13 As he had done at the close of the first section in this chapter (v. 5), Paul expresses his desire that God will meet the needs of his readers. Although eschatology is a significant feature of ch. 8, eschatology in a formal, structured sense has little place in Romans. Its subjective counterpart, “hope” (elpis, GK 1828), however, is mentioned more often than in any other of his letters, especially in this portion (vv. 4, 12–13).
The expression “the God of hope” means the God who inspires hope and imparts it to his children. “Hope” in the NT does not mean “wishful thinking”; quite to the contrary, “hope” in the NT connotes “a confident expectation.” The confidence of Christian hope derives from the fact that God can be counted on to fulfill what yet remains to be accomplished for the church (5:2; cf. 13:11). Likewise, in the more immediate future and with the help of Paul’s letter, they can confidently look to God for the working out of their problems, including the one Paul has been discussing. Hope does not operate apart from trust; in fact, it is the forward-looking aspect of faith (Gal 5:5; 1 Pe 1:21). Paul prays that the Romans might be filled “with all joy and peace”—words that remind us of key traits of the kingdom of God according to 14:17. Peace, of course, is very pertinent to the concerns of this portion of Romans.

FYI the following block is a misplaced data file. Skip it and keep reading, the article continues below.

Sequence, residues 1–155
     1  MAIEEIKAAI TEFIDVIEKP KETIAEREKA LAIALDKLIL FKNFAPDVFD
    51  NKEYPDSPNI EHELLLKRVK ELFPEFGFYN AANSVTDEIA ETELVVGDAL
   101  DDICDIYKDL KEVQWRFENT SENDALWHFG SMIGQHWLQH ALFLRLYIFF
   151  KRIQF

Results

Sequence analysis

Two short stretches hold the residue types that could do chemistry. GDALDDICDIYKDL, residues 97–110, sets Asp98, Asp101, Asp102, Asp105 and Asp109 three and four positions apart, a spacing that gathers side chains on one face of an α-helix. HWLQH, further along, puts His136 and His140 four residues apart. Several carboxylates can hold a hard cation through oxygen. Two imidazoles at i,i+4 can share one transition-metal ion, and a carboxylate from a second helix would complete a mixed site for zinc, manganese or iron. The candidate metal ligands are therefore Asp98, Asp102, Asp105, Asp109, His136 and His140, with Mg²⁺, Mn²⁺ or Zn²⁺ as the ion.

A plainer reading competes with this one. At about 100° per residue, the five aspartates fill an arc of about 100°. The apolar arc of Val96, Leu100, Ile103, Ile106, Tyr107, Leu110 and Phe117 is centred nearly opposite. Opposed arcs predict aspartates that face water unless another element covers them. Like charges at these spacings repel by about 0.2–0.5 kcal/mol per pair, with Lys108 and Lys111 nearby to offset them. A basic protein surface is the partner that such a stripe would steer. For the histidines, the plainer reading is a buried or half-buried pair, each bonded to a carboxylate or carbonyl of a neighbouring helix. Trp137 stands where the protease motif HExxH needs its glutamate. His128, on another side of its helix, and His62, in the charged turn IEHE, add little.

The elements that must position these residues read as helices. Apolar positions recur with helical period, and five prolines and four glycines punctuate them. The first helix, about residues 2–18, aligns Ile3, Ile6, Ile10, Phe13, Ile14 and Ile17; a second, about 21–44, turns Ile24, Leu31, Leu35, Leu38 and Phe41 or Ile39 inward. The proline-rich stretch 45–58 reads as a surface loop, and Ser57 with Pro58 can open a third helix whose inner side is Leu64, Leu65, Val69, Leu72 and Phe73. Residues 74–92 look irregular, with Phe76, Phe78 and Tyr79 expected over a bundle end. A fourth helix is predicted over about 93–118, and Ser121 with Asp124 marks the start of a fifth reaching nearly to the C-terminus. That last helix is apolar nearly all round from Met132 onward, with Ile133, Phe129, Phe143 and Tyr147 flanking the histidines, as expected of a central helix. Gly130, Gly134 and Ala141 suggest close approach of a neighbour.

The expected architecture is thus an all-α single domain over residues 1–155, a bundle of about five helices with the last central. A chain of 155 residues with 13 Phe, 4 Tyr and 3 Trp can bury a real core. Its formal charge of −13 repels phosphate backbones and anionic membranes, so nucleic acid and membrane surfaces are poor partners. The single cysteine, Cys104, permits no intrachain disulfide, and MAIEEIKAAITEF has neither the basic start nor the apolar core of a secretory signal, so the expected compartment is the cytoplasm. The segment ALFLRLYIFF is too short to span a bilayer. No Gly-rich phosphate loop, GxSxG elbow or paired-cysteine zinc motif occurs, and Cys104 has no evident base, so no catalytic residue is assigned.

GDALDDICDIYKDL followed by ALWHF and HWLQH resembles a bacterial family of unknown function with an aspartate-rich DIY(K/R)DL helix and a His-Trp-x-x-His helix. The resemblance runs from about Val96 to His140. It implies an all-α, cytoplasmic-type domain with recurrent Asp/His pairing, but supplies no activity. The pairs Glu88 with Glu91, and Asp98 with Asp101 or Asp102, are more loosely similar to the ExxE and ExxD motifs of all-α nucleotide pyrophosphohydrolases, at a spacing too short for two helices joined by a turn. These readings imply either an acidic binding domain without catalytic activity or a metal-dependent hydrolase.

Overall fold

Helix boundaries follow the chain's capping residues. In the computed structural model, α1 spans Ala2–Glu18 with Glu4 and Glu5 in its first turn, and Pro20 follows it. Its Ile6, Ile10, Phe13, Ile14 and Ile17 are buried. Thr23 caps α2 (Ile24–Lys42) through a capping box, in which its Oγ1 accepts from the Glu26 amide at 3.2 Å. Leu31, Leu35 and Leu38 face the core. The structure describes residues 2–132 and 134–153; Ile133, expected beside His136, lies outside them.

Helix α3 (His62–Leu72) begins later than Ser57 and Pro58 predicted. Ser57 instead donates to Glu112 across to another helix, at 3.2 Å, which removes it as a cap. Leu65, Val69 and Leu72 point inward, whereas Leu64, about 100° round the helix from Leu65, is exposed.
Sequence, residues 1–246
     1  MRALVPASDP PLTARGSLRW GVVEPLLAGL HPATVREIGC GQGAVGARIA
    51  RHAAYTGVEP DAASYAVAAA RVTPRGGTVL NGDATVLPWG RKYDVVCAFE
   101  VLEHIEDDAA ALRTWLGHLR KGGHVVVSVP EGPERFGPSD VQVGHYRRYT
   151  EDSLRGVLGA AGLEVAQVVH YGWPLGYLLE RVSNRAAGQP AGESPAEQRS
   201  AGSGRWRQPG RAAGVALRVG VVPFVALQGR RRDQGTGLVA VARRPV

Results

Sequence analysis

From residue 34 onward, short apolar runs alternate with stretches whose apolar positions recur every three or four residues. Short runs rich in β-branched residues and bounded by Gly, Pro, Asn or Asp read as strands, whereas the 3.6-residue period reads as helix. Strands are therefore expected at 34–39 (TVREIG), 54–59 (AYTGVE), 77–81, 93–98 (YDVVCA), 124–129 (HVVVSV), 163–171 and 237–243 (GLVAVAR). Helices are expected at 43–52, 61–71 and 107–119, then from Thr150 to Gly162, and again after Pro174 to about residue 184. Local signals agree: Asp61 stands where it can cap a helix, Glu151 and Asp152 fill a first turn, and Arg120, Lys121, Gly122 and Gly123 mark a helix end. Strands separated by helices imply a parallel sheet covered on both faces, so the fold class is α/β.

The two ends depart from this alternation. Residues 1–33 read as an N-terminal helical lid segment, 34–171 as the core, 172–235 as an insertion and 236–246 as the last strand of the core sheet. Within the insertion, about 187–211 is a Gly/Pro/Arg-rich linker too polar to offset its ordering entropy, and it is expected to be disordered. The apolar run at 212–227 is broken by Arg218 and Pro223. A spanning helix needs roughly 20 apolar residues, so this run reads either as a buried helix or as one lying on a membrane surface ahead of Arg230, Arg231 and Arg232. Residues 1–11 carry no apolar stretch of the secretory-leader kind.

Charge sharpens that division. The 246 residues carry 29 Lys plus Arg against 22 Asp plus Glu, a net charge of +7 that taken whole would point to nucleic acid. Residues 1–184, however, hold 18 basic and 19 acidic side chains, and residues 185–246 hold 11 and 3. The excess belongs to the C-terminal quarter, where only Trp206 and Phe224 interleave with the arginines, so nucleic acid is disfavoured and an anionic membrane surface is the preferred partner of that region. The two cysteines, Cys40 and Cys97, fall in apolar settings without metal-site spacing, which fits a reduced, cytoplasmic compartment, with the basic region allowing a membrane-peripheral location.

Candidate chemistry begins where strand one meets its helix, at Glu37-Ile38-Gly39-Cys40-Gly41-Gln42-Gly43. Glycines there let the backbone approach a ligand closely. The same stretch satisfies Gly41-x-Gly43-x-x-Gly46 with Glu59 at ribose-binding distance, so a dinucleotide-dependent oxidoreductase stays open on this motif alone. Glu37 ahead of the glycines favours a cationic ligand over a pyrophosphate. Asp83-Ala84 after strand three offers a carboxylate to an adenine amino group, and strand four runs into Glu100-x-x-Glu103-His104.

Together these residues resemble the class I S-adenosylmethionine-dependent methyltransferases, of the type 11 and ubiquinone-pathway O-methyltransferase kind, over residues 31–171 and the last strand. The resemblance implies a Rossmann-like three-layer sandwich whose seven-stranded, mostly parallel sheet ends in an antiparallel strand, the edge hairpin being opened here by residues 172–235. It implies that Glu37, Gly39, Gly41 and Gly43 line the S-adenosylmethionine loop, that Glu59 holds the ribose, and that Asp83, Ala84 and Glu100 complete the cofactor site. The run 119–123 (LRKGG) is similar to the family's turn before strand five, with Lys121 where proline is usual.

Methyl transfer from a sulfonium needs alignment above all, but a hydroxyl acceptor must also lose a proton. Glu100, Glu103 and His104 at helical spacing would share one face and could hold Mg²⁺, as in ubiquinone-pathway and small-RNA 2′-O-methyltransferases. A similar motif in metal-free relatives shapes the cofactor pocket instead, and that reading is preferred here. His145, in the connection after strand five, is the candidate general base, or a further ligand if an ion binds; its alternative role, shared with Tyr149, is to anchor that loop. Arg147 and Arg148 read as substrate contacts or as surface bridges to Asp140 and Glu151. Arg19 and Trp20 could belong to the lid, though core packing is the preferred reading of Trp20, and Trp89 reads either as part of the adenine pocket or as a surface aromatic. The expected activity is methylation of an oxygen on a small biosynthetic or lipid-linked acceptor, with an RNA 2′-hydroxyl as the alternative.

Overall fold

Paul in his pastoral zeal is not satisfied with anything less than a rich experience of hope that “overflows” (perisseuein, GK 4355), even as elsewhere he desires his readers to abound in love (Php 1:9; 1 Th 3:12), in pleasing God (1 Th 4:1), and in thanksgiving (Col 2:7). The reason for this emphasis in Paul is that the God who is supplicated here has so wonderfully abounded in the exercise of his grace (5:15) that he can also be expected to enable his people to increase in the manifestation of Christian graces, especially as this is ensured “by the power of the Holy Spirit,” who indwells and fills the inner life.
 MacArthur, J. F., Jr. (1991). Romans (Vol. 2, p. 324). Chicago: Moody Press.
 Boice, J. M. (1991–). Romans: The New Humanity (Vol. 4, pp. 1834–1841). Grand Rapids, MI: Baker Book House.
 Harrison, E. F., & Hagner, D. A. (2008). Romans. In T. Longman III &. Garland, David E. (Ed.), The Expositor’s Bible Commentary: Romans–Galatians (Revised Edition) (Vol. 11, p. 216). Grand Rapids, MI: Zondervan.